What's In Blue

Posted Wed 21 May 2014

Briefing, Consultations and Presidential Statement on Somalia

Tomorrow (22 May), the Security Council is expected to adopt a presidential statement on arms and ammunition management by the Federal Government of Somalia (FGS). The Council is also scheduled to hold a briefing and consultations on the UN Assistance Mission in Somalia (UNSOM). Nicholas Kay, the Special Representative of the Secretary-General and head of UNSOM, is expected to brief via video teleconference from Mogadishu. The briefing will be primarily based on the latest quarterly report of the Secretary-General on UNSOM, which covers the period from 16 February to 30 April (S/2014/330). Ambassador Mahamat Saleh Annadif, the Special Representative of the Chairperson of the AU Commission and head of the AU Mission in Somalia (AMISOM), may also participate in the briefing.

The draft presidential statement, which was put under silence on Tuesday (20 May), follows up on the Secretary-General’s letter of 3 April offering recommendations for assisting the FGS to comply with its arms and ammunition management obligations as stipulated in resolution 2142 (S/2014/243). Resolution 2142 extended a partial lifting of the arms embargo in Somalia until 25 October 2014, while also imposing further regulatory and reporting requirements on the FGS. The draft presidential statement expresses concern at the diversion of arms in the past and restates its expectation of improved FGS arms and ammunition management in the future. It also calls upon member states to offer necessary financing and technical assistance and suggests the creation of a verification mechanism including international experts.

In a 6 February leaked mid-term report, the Somalia and Eritrea Monitoring Group [SEMG], which assists the 751/1907 Somalia and Eritrea Sanctions Committee, expressed concerns regarding “high-level and systematic abuses in weapons and ammunition management and distribution”. In particular, the report apparently claimed that weapons have been illegally diverted for two main reasons—clan allegiance and war profiteering—leading to weapons ending up under Al-Shabaab control. The SEMG recommended either reinstating a comprehensive arms embargo on Somalia or significantly tightening the regulatory provisions applying to the FGS. (The partial lifting, first authorised with resolution 2093 on 6 March 2013, was requested by the FGS and strongly supported by the US, with other Council members aligning, despite some having strong concerns regarding state capacity in weapons management.)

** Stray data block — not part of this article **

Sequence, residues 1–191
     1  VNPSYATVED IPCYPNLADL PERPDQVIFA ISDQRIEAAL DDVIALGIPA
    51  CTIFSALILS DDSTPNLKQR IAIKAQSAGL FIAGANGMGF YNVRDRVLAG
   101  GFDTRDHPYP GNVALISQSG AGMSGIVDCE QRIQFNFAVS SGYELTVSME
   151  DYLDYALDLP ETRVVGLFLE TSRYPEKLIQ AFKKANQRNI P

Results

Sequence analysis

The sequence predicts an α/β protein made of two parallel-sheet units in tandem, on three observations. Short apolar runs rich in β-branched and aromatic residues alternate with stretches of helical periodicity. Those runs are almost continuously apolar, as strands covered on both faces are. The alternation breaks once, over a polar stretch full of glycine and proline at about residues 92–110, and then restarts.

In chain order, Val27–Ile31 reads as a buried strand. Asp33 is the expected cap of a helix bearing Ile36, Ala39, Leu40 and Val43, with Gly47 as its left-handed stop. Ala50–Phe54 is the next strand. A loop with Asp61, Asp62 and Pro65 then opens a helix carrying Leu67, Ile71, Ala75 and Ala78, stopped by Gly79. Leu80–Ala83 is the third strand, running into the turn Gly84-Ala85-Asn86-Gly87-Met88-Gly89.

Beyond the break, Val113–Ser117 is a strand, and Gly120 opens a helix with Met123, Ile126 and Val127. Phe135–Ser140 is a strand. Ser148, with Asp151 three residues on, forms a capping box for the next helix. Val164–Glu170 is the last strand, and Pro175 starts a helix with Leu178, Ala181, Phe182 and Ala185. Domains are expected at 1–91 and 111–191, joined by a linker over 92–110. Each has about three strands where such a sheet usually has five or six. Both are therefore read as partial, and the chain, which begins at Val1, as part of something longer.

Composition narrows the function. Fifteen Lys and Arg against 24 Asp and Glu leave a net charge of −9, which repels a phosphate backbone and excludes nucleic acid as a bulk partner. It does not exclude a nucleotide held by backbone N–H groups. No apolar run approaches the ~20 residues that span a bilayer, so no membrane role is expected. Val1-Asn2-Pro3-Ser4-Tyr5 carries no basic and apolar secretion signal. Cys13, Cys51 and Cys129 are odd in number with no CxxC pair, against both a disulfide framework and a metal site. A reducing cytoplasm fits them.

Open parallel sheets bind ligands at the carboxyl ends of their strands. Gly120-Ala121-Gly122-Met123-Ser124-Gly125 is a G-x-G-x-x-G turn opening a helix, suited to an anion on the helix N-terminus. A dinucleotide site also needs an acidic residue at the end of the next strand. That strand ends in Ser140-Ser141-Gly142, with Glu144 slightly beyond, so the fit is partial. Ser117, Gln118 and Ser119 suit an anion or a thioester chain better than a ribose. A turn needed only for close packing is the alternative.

During the briefing, Council members are likely to be interested in hearing more from Kay and Annadif about the joint military operation, termed Operation Eagle, which began in early March. AMISOM and the Somali National Army (SNA) have made significant progress in capturing territory from Al-Shabaab since the launch of this operation which covers areas in south and central Somalia including Gedo, Bay, Bakool, Hiraan, Galgaduud, Lower Shabelle and Middle Shabelle. More recently, AMISOM has also used airstrikes against Al-Shabaab, with two attacks launched near the town of Jilib in the Juba region within the last week. While AMISOM has had success in capturing towns under Al-Shabaab control, stabilisation of these areas, the extension of state administration and delivery of public services are major challenges for the FGS. On 8 May, Assistant Secretary-General for Peacebuilding Support Judy Cheng-Hopkins announced $10 million would be committed from the Peacebuilding Fund Immediate Response Facility to support work in newly recovered areas. Council members may be interested in Kay’s perspective on what to prioritise in this process.